Ever wondered what lies beneath the covers of Protected Mode Internet Explorer? Short answer, long explanation: mandatory integrity control (MIC).
Recap: Mandatory Integrity Control
During the development of Vista the developers at Microsoft felt that the traditional ACL-based mechanism to control access to system resources was not enough. The ACL model grants all processes run by a user specific permissions on system resources like files and registry keys. While this is a powerful thing and well-suited for “normal” applications, programs like Internet Explorer are under much heavier attack by malware than, say, your average text editor. Once an IE process has been corrupted by exploiting a security hole, the attacking software can write to any location on the system the currently logged on user has access to. Not good.
Mandatory integrity control adds another layer of security. In a nutshell, it works like this: each securable object has a label that puts it into one of three categories: low, medium or high security. Each process has a complementary label marking it as untrustworthy, normal or trustworthy. Normal processes can write to objects with the levels medium or low. Untrustworthy processes can only write to low security objects.
Using mandatory integrity control, Microsoft put Internet Explorer in a kind of sandbox. By default, IE runs in protected mode with a low integrity level (IL). As a low IL process, IE can only write to a handful of locations that have been specifically marked with an IL of low. Here is a list of the locations IE in protected mode can write to:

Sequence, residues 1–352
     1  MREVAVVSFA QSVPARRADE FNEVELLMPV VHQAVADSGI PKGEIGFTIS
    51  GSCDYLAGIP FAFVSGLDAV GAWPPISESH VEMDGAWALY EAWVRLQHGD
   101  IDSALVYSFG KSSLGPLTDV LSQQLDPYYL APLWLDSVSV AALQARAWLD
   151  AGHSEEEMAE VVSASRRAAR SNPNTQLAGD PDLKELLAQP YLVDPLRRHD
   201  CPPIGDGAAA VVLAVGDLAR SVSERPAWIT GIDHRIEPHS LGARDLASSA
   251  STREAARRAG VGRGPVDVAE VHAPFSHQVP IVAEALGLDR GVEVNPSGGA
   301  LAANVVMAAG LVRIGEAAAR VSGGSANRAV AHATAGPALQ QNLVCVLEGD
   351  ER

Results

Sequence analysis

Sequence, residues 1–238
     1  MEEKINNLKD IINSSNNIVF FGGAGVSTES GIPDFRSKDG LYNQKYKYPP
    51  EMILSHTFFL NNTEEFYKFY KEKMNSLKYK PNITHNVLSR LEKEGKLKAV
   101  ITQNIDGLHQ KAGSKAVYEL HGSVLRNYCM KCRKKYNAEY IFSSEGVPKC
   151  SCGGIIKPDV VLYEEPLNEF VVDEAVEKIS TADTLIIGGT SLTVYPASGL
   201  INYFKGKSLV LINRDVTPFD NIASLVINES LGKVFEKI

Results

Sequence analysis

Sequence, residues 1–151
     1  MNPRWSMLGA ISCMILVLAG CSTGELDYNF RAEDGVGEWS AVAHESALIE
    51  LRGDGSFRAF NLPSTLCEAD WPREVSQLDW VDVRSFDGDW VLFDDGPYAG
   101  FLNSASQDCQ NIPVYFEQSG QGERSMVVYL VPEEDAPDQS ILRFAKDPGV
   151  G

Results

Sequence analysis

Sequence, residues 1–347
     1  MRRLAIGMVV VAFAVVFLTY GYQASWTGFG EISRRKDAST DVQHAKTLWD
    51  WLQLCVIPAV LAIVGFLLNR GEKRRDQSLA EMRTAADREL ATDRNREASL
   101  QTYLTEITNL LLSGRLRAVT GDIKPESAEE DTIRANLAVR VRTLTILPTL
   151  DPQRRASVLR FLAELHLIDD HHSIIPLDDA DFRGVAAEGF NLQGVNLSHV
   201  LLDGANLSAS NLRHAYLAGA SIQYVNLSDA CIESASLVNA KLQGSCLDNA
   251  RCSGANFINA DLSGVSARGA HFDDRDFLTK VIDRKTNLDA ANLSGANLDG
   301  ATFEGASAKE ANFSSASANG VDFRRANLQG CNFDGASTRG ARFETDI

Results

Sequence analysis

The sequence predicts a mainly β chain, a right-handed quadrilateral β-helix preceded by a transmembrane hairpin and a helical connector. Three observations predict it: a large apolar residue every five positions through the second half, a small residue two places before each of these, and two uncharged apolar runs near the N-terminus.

- %USERPROFILE%\AppData\Local\Microsoft\Windows\Temporary Internet Files\Low
Note: The favorites folder is shared between protected mode and “normal” IE processes.
Creating the Sandbox
Who creates the low integrity folders for IE? They are, after all, marked with a special label that normal folders lack. IE cannot very well create them itself – that would resemble Baron Münchhausen’s trick of getting himself out of the mud by pulling on his hairs.
Well, protected mode IE, as a low IL process, cannot create folders in medium integrity locations – but “normal” IE can. Thus, the following happens when you start protected mode IE:
- IE starts as a medium integrity process.
- “Medium” IE checks for the existence of the “low” versions of its folders. If necessary, it creates them.
- “Medium” IE proceeds to check for the integrity level of its low level folders. If necessary, it sets their IL to low.
- “Medium” IE then launches another instance of itself – but this time as a low IL process.
- Et voilà – protected mode IE finds its environment correctly configured.